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A few words from Dr Leavasa - NZ Doctor Article
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The best thing about our prac­tice is that it is situated in the heart of Māngere, at the town cen­tre. I get to see the community I grew up in.

The worst thing about our prac­tice is the poverty and social issues we see around the area, and how that impacts on the health of our whānau.

My greatest achievement is beat­ing metastatic bone cancer as a teenager. I thank God I’m still alive today. Everything else is a bonus.

Something about me that might surprise people is that I have one lung and a metal joint in my left knee from my sickness as a teen­ager. I walk with a slight limp, but I call it “Swag”, lol.

My favourite word is “sapasui” or chop suey in English.

The trait I most dislike in myself is impatience. I always want to run at 100km per hour from the get-go. However, I guess I have to learn that good things take time. Hopefully not a lot of time though.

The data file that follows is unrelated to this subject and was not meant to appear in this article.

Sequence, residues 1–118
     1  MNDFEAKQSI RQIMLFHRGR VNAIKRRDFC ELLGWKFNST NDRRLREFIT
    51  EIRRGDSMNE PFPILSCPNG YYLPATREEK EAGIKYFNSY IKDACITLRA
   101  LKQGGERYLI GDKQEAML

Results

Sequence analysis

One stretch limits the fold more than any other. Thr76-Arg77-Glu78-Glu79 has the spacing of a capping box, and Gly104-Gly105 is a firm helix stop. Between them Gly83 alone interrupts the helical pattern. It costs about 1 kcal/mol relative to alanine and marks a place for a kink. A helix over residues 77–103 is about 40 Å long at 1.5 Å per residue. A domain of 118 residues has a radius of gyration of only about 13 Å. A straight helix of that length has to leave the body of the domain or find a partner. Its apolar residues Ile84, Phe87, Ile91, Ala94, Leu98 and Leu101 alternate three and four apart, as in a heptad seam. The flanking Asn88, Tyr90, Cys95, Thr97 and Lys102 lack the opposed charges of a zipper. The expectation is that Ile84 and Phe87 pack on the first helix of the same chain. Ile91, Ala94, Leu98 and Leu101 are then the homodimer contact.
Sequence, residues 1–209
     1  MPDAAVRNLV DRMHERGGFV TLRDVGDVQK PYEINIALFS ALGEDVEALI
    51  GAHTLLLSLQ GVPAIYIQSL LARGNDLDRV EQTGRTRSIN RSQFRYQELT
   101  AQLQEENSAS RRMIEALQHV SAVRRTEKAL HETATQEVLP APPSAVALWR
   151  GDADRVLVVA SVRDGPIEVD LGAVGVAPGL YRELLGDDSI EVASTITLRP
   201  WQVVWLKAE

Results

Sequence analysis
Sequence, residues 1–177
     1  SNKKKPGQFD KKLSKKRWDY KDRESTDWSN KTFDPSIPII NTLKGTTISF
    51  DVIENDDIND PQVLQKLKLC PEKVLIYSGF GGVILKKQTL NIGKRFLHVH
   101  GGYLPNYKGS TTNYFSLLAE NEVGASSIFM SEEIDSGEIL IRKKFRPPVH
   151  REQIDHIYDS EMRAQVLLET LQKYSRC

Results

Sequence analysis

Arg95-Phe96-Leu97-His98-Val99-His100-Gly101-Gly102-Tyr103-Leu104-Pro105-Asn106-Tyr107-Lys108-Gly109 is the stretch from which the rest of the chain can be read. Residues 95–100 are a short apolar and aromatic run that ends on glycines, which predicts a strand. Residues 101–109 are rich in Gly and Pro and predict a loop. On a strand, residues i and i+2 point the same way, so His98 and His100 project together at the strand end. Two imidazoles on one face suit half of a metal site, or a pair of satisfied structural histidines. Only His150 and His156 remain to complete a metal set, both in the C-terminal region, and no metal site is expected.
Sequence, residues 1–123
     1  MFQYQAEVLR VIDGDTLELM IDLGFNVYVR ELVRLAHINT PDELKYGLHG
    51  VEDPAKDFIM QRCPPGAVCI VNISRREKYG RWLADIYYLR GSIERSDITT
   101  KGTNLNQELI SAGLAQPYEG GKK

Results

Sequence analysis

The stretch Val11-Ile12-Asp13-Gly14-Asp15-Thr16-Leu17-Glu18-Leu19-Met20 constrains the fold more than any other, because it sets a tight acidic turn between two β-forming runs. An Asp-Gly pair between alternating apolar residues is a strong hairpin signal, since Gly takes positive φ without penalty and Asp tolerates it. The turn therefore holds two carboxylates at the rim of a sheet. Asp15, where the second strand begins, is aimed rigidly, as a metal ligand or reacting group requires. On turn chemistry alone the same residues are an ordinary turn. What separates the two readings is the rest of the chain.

The trait I most dislike in oth­ers is dishonesty. I guess with any relationship, trust helps make things tick along a lot better.

I like to relax with family, watching a movie with a nice feed to go with it. Yes, sapasui and taro cooked in coco­nut cream, mmmmm.

Too many ideas without the time or capacity to do them all, is what keeps me awake at night. That and our seven-year-old son, who sneaks into our bed at night and elbows me in the ribs.

My funniest moment as a GP was when I was in my training as a regis­trar up north. We had to look after a prison clinic. In my first week and about to enter a treatment room, I put my head around the curtain to see if the nurse and patient were ready to see me. The nurse saw me and growled me off, thinking I was one of the prisoners peeking through. My supervisor had to tell her I was the doctor assisting that day. After that, she was really, really nice to me. I thought that was funny.

Three things I’d like to see changed about general practice are: 1) To have access to diagnostics as specialists; 2) To have the specialty on a par with others in order to at­tract more trainees, especially more Māori and Pasifika; 3) To have fund­ing follow the patient.

My ideal dinner party guests would be Pastor Myles Munroe, Bishop TD Jakes and Jim Rohn. Good food for the body, mind and soul.

If I wasn’t doing my current job I would be working at a gym or some­thing in sports.

I’d take a boat with me if I was stranded on a desert island.

There is nothing at the top of my bucket list, life is exciting enough – everything’s a bonus

Original Source:https://www.nzdoctor.co.nz/article/print-archive/few-words-fromneru-leavasa

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